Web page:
Softcover. 216 pages. ISBN: 9780932146595
$55.00

Ambient Noise in the Sea. Robert J. Urick. Examines significant aspects of ambient noise beneath sea’s surface: definition; measurement; sources; variation. Essential for work in sonar systems.
Hardcover. 205 pages. ISBN: 9780932146137
$48.00

Sound Propagation in the Sea. Robert J. Urick. Overviews underwater sound propagation, multipath, deep sound channel, sea surface reflections scattering, attenuation, absorption, modeling.
Hardcover. 225 pages. ISBN: 9780932146083
$53.00

Physics of Sound in the Sea. Milestone work on undersea sound propagation resulting from the World War II studies. Discusses transmission loss, target strength and echoes from subs/surface ships, sound transmission through wakes, etc.
Hardcover. 577 pages. ISBN: 9780932146244
$59.00

Side Scan Sonar Record Interpretation. Charles Mazel. Training manual produced by Klein Associates, Inc., manufacturer of side scan sonars. Applies to interpretation of all commercial side scan sonars. The 144 figures and photographs of actual sonar records depict mine and ship targets, shadows, clutter, noise, wakes and dolphins.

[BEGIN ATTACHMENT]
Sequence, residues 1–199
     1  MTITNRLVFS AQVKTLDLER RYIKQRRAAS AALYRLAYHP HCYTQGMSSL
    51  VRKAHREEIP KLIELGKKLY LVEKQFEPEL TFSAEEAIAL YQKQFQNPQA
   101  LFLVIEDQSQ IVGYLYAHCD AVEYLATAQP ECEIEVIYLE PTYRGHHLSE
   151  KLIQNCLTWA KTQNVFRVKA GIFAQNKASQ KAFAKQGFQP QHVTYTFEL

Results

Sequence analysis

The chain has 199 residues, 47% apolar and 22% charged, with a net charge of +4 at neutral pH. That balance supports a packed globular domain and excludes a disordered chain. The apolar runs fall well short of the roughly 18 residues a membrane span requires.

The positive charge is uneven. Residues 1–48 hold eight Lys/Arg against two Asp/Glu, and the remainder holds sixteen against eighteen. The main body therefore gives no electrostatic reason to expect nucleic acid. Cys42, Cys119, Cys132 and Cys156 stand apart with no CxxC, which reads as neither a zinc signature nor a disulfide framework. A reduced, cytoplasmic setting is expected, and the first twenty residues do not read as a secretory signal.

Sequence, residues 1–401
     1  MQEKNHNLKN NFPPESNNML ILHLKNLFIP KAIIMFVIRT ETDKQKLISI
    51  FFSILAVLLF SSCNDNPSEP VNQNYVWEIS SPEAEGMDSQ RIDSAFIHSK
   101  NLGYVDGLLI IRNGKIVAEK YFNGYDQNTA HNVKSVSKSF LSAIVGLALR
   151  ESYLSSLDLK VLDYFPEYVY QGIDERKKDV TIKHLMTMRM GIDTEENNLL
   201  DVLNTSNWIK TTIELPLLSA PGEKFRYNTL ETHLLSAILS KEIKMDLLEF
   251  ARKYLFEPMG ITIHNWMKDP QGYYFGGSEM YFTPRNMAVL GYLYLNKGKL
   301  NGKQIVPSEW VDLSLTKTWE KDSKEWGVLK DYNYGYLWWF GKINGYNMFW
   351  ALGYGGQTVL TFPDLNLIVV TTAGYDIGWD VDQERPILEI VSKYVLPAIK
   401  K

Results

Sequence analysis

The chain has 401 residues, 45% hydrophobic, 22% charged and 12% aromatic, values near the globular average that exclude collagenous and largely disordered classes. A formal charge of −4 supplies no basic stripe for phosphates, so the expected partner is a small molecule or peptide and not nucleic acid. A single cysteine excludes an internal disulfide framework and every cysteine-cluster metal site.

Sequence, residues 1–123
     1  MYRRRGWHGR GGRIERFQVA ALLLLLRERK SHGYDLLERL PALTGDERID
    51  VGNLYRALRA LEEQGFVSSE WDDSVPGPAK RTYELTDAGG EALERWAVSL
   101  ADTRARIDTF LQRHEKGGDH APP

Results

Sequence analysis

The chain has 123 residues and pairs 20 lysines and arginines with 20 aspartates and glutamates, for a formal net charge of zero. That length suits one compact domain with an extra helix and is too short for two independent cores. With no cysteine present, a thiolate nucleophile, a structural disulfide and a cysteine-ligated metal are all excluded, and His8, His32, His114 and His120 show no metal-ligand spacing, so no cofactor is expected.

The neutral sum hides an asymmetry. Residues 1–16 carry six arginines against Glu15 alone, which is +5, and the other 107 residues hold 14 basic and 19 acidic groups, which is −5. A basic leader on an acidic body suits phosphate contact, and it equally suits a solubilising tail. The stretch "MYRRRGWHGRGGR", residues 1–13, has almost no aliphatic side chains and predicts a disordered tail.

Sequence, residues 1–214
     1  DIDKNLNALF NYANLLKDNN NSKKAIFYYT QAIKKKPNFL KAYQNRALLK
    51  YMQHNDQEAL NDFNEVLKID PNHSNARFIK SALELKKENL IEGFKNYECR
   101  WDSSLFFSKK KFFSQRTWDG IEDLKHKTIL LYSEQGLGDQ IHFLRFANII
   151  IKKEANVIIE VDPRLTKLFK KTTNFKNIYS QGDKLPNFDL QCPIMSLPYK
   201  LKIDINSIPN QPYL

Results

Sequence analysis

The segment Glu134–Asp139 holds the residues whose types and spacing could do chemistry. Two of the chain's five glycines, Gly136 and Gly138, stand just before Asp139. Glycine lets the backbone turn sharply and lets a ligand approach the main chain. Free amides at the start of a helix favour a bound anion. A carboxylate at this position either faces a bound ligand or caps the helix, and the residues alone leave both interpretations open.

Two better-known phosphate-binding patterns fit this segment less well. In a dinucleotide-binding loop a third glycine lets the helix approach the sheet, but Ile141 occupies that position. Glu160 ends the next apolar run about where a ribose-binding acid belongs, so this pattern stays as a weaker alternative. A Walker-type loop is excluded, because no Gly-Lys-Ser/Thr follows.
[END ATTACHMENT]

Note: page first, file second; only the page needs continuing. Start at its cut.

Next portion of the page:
Softcover. 146 pages. ISBN: 9780932146502
$69.00

Noise Reduction. Edited by Leo L. Beranek. Classic book of fundamentals of noise control and noise reduction for the general engineer. Elementary beginnings leading to the advanced aspects of noise reduction for offices, residences, auditoriums and transportation vehicles. Case histories and abundant references.
Hardcover. 776 pages. ISBN: 9780932146588
$47.00

Collected Papers on Acoustics. Wallace Clement Sabine, the Father of Architectural Acoustics. Acoustic problems in theater, auditorium, church, classrooms and their solutions. Magnificent sketches and photos. This unabridged volume forms the foundation of modern architectural acoustics.
Hardcover. 304 pages. ISBN: 9780932146601
$57.00

Signal Detection and Recognition by Human Observers. Edited by John A. Swets in 1964, this book was the first to bring together into one volume a broad discussion coverage of modern signal detection theory applications to human performance, specifically in auditory and visual sensory tasks. Applications address problems in psychology including the integration of sensory information, signal uncertainty, auditory frequency analysis, speech communication, vigilance and recognition memory. Bibliography updated to 1988.